Interface Contracts Matter

Misused abstraction causes a vulnerability in the go-redis client

Jack Lindamood
Aug 7 · 5 min read

A recent vulnerability in the go-redis library allowed correctly configured clients to return the results of other redis commands in the event of redis failures. While all code is subject to bugs, this one could have been prevented if proper care was taken when creating and using interfaces.

Bug behavior

Most clients reuse TCP connections between RPC calls to eliminate the delay of TCP connection overhead. TCP connections have both an input and output stream. Redis operates on a request/response pattern where commands are shared on the same socket by sending multiple requests and expecting multiple responses. Most of the time responses are read after the request is sent. For example, there could be two requests to get the key “money:*” for two different users with jack having $200 and john having $100.

When things work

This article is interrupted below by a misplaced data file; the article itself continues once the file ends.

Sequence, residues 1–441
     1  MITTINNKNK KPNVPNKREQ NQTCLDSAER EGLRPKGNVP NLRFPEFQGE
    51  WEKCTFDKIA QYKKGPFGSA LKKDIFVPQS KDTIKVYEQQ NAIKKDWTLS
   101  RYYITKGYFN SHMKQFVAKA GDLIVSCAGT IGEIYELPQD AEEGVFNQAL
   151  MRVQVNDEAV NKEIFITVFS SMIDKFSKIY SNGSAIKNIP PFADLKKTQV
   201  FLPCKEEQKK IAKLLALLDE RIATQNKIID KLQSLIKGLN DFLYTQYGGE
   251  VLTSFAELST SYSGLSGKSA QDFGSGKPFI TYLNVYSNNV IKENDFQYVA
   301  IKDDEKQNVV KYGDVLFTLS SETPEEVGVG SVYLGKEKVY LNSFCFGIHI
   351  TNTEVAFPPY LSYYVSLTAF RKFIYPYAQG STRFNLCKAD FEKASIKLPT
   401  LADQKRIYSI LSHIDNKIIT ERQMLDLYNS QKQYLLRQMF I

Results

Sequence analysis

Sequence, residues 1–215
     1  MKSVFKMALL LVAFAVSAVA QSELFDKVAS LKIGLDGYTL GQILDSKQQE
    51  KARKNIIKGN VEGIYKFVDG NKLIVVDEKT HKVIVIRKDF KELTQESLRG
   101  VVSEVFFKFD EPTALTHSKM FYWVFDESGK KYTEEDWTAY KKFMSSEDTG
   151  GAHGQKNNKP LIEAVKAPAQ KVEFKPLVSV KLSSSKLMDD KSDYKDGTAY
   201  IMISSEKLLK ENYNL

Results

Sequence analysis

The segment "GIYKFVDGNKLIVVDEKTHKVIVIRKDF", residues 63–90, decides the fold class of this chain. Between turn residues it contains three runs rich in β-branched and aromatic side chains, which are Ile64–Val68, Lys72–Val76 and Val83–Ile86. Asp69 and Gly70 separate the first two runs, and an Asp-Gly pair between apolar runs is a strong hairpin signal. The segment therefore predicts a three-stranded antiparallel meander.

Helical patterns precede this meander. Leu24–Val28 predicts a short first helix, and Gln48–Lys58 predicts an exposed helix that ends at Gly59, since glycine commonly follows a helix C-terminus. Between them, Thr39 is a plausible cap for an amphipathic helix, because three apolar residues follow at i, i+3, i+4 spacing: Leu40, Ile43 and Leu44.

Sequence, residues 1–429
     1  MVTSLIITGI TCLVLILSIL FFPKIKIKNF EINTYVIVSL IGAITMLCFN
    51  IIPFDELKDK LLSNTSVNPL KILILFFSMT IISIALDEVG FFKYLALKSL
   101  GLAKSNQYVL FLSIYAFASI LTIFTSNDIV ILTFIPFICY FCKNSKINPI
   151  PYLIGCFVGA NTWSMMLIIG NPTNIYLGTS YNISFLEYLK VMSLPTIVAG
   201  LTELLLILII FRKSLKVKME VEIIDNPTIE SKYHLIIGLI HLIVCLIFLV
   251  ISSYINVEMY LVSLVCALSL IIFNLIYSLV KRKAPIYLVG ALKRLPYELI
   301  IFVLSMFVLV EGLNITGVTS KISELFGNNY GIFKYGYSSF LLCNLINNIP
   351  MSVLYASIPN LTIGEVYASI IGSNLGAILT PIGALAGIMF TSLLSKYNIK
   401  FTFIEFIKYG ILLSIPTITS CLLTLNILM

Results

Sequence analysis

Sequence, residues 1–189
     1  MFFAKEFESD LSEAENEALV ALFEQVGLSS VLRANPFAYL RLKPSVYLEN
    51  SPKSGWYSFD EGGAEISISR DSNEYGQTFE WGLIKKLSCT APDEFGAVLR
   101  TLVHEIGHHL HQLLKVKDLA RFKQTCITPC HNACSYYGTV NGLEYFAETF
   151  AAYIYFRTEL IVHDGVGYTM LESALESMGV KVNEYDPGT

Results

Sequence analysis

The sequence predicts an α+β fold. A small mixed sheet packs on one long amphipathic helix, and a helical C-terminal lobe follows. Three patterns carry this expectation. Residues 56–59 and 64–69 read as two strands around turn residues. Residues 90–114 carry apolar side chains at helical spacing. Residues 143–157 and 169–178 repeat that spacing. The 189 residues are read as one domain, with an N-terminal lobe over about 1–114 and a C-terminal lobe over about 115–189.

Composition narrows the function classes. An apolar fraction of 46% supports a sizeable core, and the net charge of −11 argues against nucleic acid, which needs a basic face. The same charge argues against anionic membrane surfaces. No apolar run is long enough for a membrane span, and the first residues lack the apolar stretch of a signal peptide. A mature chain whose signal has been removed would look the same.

A bug in the client caused it, during error conditions, to reuse connections between calls without draining the $200 from the request for “GET money:jack”. In that case, the flow would look like this.

When bugs happen

The request for “GET money:jack” could fail with an error before reading $200, while the request for “GET money:john” would return the $200 that was intended for the “GET money:jack” request and the “$100” response would get orphaned. The request for “GET money:john” has no idea there was any failure or that the answer it sees, $200, is incorrect. This can happen even when the requests for money:jack and money:john are across threads and incoming RPC calls, due to transparent sharing of connections inside the redis client.

How serious a vulnerability this is depends on what you use redis for. For us, it was pretty bad. All code can have bugs, but it’s important to investigate why this bug happened. The root of this bug is how the library uses interfaces.